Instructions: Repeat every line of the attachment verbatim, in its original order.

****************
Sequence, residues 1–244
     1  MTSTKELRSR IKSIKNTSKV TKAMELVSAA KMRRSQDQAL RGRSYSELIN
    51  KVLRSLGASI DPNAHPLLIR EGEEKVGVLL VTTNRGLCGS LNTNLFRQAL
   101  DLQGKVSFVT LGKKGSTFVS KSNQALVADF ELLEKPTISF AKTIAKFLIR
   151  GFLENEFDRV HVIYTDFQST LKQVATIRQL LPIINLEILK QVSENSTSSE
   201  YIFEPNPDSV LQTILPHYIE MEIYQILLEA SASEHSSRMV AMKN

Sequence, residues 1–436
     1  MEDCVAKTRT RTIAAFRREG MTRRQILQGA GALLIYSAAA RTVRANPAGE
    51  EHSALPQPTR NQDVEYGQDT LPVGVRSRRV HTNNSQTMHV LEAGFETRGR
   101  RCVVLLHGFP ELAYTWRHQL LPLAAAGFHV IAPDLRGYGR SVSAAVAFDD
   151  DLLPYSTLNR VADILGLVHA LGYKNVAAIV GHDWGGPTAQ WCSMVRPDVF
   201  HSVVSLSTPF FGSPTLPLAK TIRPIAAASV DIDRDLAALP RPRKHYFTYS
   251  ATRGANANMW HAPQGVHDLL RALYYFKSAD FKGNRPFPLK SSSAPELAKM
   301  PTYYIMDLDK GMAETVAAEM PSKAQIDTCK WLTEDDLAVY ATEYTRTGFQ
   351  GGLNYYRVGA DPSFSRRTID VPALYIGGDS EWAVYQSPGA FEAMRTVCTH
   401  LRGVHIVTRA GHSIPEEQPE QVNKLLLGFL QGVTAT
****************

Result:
Sequence, residues 1–244
     1  MTSTKELRSR IKSIKNTSKV TKAMELVSAA KMRRSQDQAL RGRSYSELIN
    51  KVLRSLGASI DPNAHPLLIR EGEEKVGVLL VTTNRGLCGS LNTNLFRQAL
   101  DLQGKVSFVT LGKKGSTFVS KSNQALVADF ELLEKPTISF AKTIAKFLIR
   151  GFLENEFDRV HVIYTDFQST LKQVATIRQL LPIINLEILK QVSENSTSSE
   201  YIFEPNPDSV LQTILPHYIE MEIYQILLEA SASEHSSRMV AMKN

Sequence, residues 1–436
     1  MEDCVAKTRT RTIAAFRREG MTRRQILQGA GALLIYSAAA RTVRANPAGE
    51  EHSALPQPTR NQDVEYGQDT LPVGVRSRRV HTNNSQTMHV LEAGFETRGR
   101  RCVVLLHGFP ELAYTWRHQL LPLAAAGFHV IAPDLRGYGR SVSAAVAFDD
   151  DLLPYSTLNR VADILGLVHA LGYKNVAAIV GHDWGGPTAQ WCSMVRPDVF
   201  HSVVSLSTPF FGSPTLPLAK TIRPIAAASV DIDRDLAALP RPRKHYFTYS
   251  ATRGANANMW HAPQGVHDLL RALYYFKSAD FKGNRPFPLK SSSAPELAKM
   301  PTYYIMDLDK GMAETVAAEM PSKAQIDTCK WLTEDDLAVY ATEYTRTGFQ
   351  GGLNYYRVGA DPSFSRRTID VPALYIGGDS EWAVYQSPGA FEAMRTVCTH
   401  LRGVHIVTRA GHSIPEEQPE QVNKLLLGFL QGVTAT